News Brief

South African Long Jumper Luvo Manyonga Overcame Demons to Win Silver at Rio Olympics

Long jumper Luvo Manyonga leapt his way to South Africa’s sixth medal of the 2016 Summer Olympics. His journey to Rio is the ultimate comeback story.

25-year-old long jumper Luvo Manyonga leapt his way to South Africa’s sixth medal of the 2016 Summer Olympic Games Saturday in Rio. Manyonga placed second in the men’s long jump with a personal best of 8.37m. He was in the lead until American Jeff Henderson eclipsed him on his sixth and final attempt with 8.38. In third place was Great Britain’s Greg Rutherford with a distance of 8.29m, followed by America’s Jarrison Lawson in fourth with 8.25m.


The long jump is an event Americans have historically dominated, with Carl Lewis leading the way with four golds in a row from 1984-1996. Henderson’s win marks the 22nd men’s long jump gold for the U.S. (their first since 2004).

Manyonga’s showing continues to put South Africa on the world long jump map. Godfrey Khotso Mokoena, who competes in the men’s triple jump on Monday, earned the country their first long jump medal in Olympic history when he placed second in the event at the 2008 Summer Olympic Games in Beijing. Manyonga’s silver-place finish marks Team SA's second Olympic long jump medal.

Of course, Manyonga is no newcomer to the world of long jump. His career started off on an exceptional note. The Mbekweni-raised athlete found success early on, placing third at the African Junior Championships in 2009 before taking home gold at the 2010 IAAF Junior World Championships and another gold at the 2012 All-Africa Games in Maputo.

But then things took a turn for the worse. Success and money came with a cost for Manyonga. He began using tik (the South African street name for crystal methamphetamine). In 2012, he tested positive for the drug and was banned from the sport for 18 months.

His issues with the drug continued into 2014. Tragedy struck when Manyonga’s longtime coach and mentor, Mario Smith, was killed in a car accident while on the way to Manyonga’s house. The athlete’s life continued to spiral out of control.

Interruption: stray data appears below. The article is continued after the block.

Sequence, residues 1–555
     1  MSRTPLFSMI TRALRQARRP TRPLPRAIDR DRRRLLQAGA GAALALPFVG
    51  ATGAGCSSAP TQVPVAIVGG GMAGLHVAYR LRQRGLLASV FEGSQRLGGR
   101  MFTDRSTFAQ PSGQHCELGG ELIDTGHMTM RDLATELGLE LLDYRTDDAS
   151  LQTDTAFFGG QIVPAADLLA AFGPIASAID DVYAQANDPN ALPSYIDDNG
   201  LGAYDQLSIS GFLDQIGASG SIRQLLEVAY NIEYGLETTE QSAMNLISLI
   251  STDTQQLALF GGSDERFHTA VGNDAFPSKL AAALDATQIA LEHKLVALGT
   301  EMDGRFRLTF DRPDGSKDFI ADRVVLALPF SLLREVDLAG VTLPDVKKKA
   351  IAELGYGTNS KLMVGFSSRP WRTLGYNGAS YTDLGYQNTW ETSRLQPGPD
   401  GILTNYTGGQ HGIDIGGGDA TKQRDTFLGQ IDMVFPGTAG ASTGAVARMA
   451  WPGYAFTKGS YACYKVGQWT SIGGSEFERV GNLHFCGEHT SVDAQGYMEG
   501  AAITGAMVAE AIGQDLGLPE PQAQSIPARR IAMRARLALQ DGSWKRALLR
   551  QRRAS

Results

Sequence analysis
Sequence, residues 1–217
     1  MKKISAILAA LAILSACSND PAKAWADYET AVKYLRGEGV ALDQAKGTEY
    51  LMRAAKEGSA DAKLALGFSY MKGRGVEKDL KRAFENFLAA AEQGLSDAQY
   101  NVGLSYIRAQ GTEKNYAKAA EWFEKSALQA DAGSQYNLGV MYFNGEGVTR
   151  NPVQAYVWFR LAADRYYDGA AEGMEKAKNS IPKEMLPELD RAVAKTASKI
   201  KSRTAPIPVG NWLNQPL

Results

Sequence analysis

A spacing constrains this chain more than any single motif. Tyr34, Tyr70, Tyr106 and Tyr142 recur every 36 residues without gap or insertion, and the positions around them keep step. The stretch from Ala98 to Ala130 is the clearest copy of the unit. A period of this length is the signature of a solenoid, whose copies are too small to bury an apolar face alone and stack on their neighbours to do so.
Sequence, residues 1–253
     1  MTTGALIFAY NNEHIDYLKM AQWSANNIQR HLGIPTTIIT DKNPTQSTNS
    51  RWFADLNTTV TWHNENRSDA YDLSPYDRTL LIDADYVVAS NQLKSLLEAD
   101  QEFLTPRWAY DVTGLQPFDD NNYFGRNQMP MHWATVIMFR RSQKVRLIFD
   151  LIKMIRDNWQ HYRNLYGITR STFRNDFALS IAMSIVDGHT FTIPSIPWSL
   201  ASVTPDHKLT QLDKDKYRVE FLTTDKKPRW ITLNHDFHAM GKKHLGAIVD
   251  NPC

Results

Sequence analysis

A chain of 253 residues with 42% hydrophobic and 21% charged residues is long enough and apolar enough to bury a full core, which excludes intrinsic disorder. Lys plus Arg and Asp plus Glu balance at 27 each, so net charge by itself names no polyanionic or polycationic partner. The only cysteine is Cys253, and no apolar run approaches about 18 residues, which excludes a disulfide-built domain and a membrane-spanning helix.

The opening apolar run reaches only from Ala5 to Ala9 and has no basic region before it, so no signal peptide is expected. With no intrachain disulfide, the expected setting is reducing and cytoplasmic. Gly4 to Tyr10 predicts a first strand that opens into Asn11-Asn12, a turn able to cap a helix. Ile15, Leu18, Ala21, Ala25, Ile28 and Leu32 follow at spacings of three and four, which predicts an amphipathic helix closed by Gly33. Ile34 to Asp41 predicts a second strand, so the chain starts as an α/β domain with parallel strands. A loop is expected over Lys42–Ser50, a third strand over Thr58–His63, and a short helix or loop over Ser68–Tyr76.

It was during that same year that he began his journey to Rio. In 2016, he returned to competition after a four-year hiatus. (Check out this story on Daily Maverick for a more in-depth discussion of Manyonga's comeback)

"The demons have been trying to pull me down but look at my face ... look at me standing here," Manyonga told SASCOC after the event on Saturday. He also thanked his mom and his five-year-old son, Lindokhule. “It’s too early in the morning SA time to phone them but they’ll be hearing from me very soon,” he said.

Manyonga’s coach had quite the whirlwind day as well. After his Uber car broke down en route to the Olympic Stadium, Neil Cornelius was forced to catch another taxi in a bad part of town and then sprint 2km to catch Manyonga in time for the long jump final. He made it. And after the event, he told Sport24 that there's no limit to what Manyonga can achieve. “I honestly don't want to put a distance on it. If I put a distance on him I'm limiting him. At the moment his potential is limitless," he said.

Could a world record be next? He’ll need to outjump American Mike Powell’s 8.95m, a distance he set in 1991. Until that day comes, Manyonga's given South Africa plenty reason to be proud.

Interview

Angelique Kidjo Writes a Love Letter to 'Mother Nature'

We talk to the Beninese musical icon about assembling her new album on Zoom and the "bigger than COVID-19" threat that lies ahead!

The kind of infectious energy that lives within Angelique Kidjo can't be contained by Zoom. Her zest for life reaches out far beyond any screen, and burns stronger than the fastest internet connection.

"I can't wait until we're in person hugging again," she enthuses soon after joining our Zoom meeting to discuss her latest album Mother Nature. Having been on the receiving end of a hug from the four-time Grammy-winning singer, I know exactly what I'm missing out on. "Me too," I say, as I wrap my arms around my laptop, my face squishing the screen. "No, no," she retorts. "I don't want that. You keep it. I want the real deal," she chuckles, her full-bodied trademark laughter lovingly admonishing me.

The Benin-born musician is preparing to release Mother Nature, a collection of songs reflecting our one Earth, and cementing her status as an African musical icon. Collaborating with the likes of Yemi Alade, Mr Eazi, Burna Boy, Sampa the Great, Shungudzo and more, Kidjo's crossing through time and space, over age and country through Mother Nature's themes and stories. Each track is infused with a vigor that only she possesses — the kind that shares a significant message even as the listener is called to just dance or sing along.

Below, Angelique Kidjo reminisces about making the album, and chats us through her hopes and dreams for it!

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